• The effects of massive doses of steroids on septic shock were tested in 48 patients being treated for extensive cellulitis, wet gangrene, or severe peritonitis. From diagnosis until maximum weight gain (average, 47 hours), they received an average of 17.7 L of crystalloid solution and 1.0 L of blood and voided 3.1 L of urine. Of the 48 patients, 23 were selected in random fashion to receive dexamethasone sodium phosphate (6 mg/kg) over 48 hours. The average age (55 years), duration of shock (36 minutes), and insult were similar for both groups. Each group received similar volumes of fluid and blood. Steroid therapy was associated with a statistically significant rise in diastolic pressure (88 v 78 mm Hg), mean arterial pressure (105 v 95 mm Hg), and central venous pressure (16 v 10 cm H2O). Concomitant blood volume was lower in patients treated with steroids (5.2 v 6.1 L). All differences between the two groups disappeared after 48 hours when steroid therapy was discontinued. No differences were noted in morbidity and five patients in each group died.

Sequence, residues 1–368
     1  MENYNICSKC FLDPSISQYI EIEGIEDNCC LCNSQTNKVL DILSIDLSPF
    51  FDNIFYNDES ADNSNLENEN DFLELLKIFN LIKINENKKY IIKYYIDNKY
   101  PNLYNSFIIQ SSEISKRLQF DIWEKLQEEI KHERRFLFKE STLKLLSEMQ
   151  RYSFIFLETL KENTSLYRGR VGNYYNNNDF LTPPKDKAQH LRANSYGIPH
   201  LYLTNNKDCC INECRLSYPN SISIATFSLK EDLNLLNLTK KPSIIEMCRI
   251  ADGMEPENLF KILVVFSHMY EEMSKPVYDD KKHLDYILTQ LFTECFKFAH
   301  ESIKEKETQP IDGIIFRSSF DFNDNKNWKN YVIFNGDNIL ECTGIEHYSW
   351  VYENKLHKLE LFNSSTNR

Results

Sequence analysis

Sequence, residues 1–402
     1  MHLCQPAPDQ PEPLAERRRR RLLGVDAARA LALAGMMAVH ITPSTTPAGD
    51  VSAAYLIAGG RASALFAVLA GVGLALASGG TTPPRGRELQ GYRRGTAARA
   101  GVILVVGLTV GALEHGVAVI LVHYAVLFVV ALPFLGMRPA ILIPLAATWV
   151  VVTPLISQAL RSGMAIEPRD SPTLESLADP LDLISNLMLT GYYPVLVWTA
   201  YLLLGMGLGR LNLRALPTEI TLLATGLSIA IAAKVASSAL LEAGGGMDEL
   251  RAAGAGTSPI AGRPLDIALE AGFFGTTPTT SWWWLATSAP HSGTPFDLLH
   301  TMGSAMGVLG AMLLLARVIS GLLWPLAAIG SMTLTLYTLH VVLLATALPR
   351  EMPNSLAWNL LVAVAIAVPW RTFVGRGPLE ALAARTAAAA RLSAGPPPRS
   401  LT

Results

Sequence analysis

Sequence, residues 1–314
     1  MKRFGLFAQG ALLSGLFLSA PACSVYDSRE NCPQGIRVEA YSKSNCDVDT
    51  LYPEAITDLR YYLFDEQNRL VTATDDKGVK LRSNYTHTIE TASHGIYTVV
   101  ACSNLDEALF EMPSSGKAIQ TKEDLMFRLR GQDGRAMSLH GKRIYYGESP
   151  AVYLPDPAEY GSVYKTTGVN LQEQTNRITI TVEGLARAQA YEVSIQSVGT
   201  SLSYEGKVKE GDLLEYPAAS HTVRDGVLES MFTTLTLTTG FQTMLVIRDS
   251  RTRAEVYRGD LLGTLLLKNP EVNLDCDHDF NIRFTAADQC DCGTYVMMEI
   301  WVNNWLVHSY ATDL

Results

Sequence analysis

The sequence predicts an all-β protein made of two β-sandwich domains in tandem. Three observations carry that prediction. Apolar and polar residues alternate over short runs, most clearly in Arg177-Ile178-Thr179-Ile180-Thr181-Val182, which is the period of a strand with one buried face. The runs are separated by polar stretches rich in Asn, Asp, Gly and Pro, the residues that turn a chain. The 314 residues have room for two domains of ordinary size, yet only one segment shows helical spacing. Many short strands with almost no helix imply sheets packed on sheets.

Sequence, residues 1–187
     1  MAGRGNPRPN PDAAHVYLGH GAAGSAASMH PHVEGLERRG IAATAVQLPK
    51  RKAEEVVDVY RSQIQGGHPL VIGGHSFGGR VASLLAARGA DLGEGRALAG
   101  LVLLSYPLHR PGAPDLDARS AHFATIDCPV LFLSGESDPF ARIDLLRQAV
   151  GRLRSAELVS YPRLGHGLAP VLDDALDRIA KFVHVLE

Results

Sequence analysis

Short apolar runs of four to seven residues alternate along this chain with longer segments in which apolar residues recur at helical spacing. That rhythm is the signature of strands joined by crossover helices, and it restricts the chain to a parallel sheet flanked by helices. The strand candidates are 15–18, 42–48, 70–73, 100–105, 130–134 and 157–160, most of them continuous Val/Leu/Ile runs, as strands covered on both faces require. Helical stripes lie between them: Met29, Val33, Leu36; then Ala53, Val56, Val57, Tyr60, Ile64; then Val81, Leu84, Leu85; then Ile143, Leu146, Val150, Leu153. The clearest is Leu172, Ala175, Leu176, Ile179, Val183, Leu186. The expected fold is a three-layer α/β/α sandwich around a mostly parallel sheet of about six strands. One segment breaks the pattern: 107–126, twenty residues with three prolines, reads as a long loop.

(Arch Surg 1984;119:537-541)
Lucas CE, Ledgerwood AM. The Cardiopulmonary Response to Massive Doses of Steroids in Patients With Septic Shock. Arch Surg. 1984;119(5):537–541. doi:https://doi.org/10.1001/archsurg.1984.01390170037008
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